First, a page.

Wednesday, 14 October 2015


My First Beatle!!!

Only a single soul on this planet can tell his audience, “John Lennon wrote this song for me,” and then perform ‘I’m the Greatest,’ singing it somehow with his tongue planted firmly in his cheek. Ringo brought his All-Starr Band to an intimate Edmonton auditorium Monday night and provided a fun finale to our Thanksgiving Day long weekend.

Some 30 or 35 years ago I lined up outside of the Montreal Forum hoping to score tickets for Paul McCartney. Back then his hair was still jet black and mine wasn’t grey. I never even got to within sight of the box office. And so Ann and I saw our first ex-Beatle in concert. The Earth did not move, but it was still good for us.

Before launching into ‘Boys,’ a song the Shirelles are not remembered for, Ringo informed us he used to perform “this next one” with a band he used to be in. Cheers rose from the seats. “Rory Storm and the Hurricanes,” he chuckled. His is a dry and gentle wit; something required if you’ve been derided as the second-best drummer in the Beatles.

Because of his out-sized stage name, his role on screen in ‘Help!’ and a song catalogue which includes ‘Act Naturally,’ ‘Yellow Submarine’ and ‘No-No Song,’ it’s difficult not to perceive Ringo as something of a cartoon, an elf flashing peace signs and given to aphoristic malapropisms: “It was a hard day’s night.” My image of Ringo stems from footage in the Who documentary ‘The Kids Are Alright’ in which he and fellow drummer Keith Moon attempt to interview each other. They are absolutely and hilariously plastered, swishing their brandies and giggling about teeny-boppers. Ringo’s son Zak Starkey is now the Who’s touring drummer - I saw Zak play years before I ever saw his dad. Keith Moon did not live to see the 80s; Ringo survived his excesses and has been clean and sober for decades.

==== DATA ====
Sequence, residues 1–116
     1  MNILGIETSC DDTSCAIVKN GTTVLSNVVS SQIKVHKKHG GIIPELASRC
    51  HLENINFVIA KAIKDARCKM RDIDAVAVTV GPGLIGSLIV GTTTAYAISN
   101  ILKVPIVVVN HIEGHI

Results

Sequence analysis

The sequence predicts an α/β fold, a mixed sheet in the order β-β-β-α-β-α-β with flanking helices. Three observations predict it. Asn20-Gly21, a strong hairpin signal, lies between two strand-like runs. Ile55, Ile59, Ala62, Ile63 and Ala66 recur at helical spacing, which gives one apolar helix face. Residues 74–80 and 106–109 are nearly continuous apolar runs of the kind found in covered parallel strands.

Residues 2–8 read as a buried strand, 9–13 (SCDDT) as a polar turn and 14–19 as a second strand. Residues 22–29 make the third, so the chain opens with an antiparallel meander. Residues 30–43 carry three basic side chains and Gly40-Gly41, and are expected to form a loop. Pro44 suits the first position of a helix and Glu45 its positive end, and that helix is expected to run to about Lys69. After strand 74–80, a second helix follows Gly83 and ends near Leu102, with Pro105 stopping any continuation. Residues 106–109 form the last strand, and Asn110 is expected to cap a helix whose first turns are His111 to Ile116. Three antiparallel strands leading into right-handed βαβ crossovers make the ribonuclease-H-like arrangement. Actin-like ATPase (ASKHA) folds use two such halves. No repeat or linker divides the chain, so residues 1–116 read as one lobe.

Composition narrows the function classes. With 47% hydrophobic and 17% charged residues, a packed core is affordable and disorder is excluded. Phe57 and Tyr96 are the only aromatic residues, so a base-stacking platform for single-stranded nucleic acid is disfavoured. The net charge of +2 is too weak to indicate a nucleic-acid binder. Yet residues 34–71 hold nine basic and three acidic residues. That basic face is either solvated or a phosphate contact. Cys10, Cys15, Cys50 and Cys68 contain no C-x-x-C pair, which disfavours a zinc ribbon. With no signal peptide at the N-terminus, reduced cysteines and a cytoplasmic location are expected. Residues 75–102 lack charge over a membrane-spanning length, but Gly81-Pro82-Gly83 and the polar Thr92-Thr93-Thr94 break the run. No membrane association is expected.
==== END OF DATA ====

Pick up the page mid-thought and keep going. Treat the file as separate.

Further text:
The 80s were hard on everyone who was there, especially rock fans who had to endure the likes of Toto and Mr. Mister. And that is one of the problems with the All-Starr Band format. The cost of Ringo’s ‘Photograph’ was so high as to include the corporate radio sheen of ‘Hold the Line’ and the sublimely wretched ‘Broken Wings.’ It don’t come easy; nostalgia ain’t what it used to be. The other issue was that the lone certifiable pop genius on stage (and apparently having the time of his life), Todd Rundgren, was necessarily limited to just a few songs. My prayers for ‘Hello, It’s Me’ and hearing him croon that wonderful opening conversational lyric from ‘We Gotta Get You a Woman,’ “Leroy, boy, is that you?” went unheeded.

Our evening climaxed, as it had to, with Billy Shears. I will always argue that Joe Cocker utterly owns ‘With a Little Help from My Friends.’ Yet what a treat for us to be serenaded by the one and only 1967 voice even though one of Ringo’s new friends played guitar for Toto. The encore was a brief rendition of ‘Give Peace a Chance.’ Wouldn’t it make a fine Thanksgiving if citizens of the world could do just that? Ringo then sprinted from the stage and likely exited the venue before we even had the chance to rise from of our seats and cheer our thanks or mob him outside the backstage door; once a Beatle, forever a Beatle.

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